Our parents have always told us to wash our hands. For most of us growing up, that meant going to a sink and using soap and water. In the past few decades, hand sanitizers have become a part of everyday life. They’re everywhere. People often wonder if hand sanitizers work as well, or maybe even better, than old-fashioned hand washing. What’s the story here?
The short answer: Soap-and-water hand washing should be your first choice, but hand sanitizers are a good backup.
Why is traditional hand washing the best option? It cleans your hands better than hand sanitizer. Washing your hands with soap and water physically removes the germs; they bond with and wash down the drain with soapy lather.
Traditional hand washing more effectively eliminates some viruses and bacteria, specifically norovirus and a bacterium called c. difficile. C. difficile can cause severe diarrhea, while norovirus causes vomiting and diarrhea. If you are in danger of being exposed to either, insist on soap-and-water hand washing.
Hand sanitizers, however, will do just fine most of the time. They are especially useful when soap and water hand washing is not available or practical.
How hand sanitizers work
Hand sanitizers are usually an alcohol-based gel. The alcohol kills germs. Some hand sanitizers come in the form of a foam; Triclosan is the active ingredient in these. Foam hand sanitizers are more effective than gels, but they can also be more expensive. The dispensers are not as practical or portable as gels. In most cases, gel sanitizers will do the job.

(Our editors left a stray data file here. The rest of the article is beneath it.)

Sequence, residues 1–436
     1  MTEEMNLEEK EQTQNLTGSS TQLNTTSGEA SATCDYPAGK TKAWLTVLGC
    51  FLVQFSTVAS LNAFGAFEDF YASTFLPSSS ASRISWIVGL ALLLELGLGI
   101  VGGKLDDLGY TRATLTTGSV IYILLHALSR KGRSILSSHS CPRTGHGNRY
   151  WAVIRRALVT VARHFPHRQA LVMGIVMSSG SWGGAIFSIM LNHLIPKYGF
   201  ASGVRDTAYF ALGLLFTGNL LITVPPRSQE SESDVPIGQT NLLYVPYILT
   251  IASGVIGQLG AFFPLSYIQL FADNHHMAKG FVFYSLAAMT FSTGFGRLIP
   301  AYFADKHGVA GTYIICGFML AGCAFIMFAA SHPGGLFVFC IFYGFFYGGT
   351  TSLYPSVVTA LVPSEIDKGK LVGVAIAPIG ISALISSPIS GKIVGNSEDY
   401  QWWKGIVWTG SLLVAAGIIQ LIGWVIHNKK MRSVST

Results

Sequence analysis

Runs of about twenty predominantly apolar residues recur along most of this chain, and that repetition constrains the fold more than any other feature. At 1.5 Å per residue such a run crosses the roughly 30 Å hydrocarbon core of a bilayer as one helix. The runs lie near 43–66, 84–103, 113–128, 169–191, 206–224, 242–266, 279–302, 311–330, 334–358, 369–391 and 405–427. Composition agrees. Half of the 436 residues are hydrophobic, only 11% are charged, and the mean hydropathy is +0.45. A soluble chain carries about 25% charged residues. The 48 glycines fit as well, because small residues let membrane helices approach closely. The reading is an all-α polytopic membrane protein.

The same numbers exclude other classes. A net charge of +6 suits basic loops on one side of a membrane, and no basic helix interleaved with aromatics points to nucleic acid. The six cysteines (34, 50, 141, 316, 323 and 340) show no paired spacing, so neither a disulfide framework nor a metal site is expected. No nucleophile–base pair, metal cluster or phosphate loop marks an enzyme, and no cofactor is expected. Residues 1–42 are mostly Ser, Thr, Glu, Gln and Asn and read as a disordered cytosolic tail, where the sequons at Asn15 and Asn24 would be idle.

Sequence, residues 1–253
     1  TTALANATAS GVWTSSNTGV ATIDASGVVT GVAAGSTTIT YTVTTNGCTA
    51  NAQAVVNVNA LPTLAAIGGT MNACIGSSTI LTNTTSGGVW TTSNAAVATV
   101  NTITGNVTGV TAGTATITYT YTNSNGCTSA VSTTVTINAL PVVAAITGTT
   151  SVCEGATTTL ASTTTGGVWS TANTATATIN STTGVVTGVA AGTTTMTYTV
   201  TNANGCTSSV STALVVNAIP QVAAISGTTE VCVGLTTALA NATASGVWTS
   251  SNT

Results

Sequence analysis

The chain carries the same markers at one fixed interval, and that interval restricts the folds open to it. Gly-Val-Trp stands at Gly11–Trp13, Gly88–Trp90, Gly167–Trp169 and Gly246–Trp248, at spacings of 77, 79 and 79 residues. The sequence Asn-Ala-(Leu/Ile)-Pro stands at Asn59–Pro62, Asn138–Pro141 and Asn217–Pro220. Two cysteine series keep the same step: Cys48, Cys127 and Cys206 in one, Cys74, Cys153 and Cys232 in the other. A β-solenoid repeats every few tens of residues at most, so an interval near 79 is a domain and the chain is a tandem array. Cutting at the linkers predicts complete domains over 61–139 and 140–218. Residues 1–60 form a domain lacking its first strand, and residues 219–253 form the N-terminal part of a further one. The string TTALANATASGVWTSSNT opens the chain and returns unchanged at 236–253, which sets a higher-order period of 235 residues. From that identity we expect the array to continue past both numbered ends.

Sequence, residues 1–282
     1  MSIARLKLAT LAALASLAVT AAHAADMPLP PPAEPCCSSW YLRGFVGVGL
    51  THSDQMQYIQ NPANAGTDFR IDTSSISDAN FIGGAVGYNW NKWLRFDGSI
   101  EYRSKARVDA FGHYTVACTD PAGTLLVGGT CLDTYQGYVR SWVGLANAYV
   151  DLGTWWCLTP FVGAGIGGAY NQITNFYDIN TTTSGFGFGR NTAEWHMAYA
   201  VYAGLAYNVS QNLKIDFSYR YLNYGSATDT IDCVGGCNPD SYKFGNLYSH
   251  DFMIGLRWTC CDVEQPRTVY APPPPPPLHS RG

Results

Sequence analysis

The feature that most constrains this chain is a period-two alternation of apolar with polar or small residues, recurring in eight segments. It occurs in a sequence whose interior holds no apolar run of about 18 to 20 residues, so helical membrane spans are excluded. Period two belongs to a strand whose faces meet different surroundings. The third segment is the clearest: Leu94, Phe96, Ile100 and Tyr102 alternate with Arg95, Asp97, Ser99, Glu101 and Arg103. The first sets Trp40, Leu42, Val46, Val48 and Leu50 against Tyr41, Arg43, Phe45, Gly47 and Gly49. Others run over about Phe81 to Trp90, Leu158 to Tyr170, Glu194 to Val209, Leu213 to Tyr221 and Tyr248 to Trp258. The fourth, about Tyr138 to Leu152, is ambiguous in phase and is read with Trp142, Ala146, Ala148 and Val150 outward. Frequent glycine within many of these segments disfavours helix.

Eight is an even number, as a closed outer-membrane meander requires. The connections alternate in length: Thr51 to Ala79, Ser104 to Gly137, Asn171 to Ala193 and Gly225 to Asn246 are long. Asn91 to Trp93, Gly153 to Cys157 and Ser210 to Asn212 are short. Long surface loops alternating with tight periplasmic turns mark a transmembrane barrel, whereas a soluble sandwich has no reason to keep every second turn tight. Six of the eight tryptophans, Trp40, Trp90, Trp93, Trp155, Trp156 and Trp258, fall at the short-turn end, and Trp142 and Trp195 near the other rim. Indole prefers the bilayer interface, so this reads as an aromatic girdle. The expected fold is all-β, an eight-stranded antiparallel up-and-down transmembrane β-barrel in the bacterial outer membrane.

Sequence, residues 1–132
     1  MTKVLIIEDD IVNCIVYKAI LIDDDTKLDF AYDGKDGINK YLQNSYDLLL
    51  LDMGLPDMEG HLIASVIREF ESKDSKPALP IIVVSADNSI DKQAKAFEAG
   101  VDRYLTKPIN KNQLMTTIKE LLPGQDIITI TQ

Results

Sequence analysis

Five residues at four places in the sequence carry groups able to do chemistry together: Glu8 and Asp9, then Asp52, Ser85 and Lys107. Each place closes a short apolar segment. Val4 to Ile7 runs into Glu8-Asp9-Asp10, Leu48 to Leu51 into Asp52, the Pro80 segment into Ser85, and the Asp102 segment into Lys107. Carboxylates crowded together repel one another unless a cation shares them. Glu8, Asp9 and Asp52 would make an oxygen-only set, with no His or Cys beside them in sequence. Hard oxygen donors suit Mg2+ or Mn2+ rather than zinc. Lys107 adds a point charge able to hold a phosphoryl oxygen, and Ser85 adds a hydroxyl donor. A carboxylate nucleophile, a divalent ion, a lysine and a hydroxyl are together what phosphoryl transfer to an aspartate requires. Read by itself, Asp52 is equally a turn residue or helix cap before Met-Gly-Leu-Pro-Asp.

To use hand sanitizer effectively, apply some to the palm of one hand, then rub it all over your hands until they are dry. Hit every surface, including under your nails.
Hand sanitizer does not remove things from your hands, such as pesticides, lead paint, grease, or dirt. You may see hand sanitizers at gas stations near the pumps. Don’t be fooled: They will not remove gasoline from your hands.
Another important note: Hand sanitizer is poisonous, so you should never swallow it.
How to wash your hands with soap and water
Get your hands wet with warm water. Warm water removes germs better than cold water. Remember, you are physically removing the germs. Apply soap to the palm of one hand and rub your hands together, making a lather that covers all surfaces of the hand, including the nails. It’s the rubbing that removes the germs. Do this for about 20 seconds, then rinse away the lather. If you did a good job, the germs will wash away with the soapy water.
When to wash vs. use sanitizer
You should wash your hands with soap and water:
- When exposed to viruses and bacteria that cause stomach trouble, such as norovirus and c. difficile.
- Before and after preparing food, especially raw meats, fish, poultry, or eggs.
- After going to the bathroom, changing diapers, or cleaning up animal waste.
- Before and after caring for someone who is sick.
- After handling garbage.
- Before treating a wound.
- After coughing, sneezing, or blowing your nose — especially if you are sick.
- When your hands are greasy or have visible dirt.
- To remove substances from your hands, like powders and paints.
- After handling animals, including pets.
You can use hand sanitizers:
- Before meals.
- Throughout the day.
- When soap and water are not available.
References and further reading: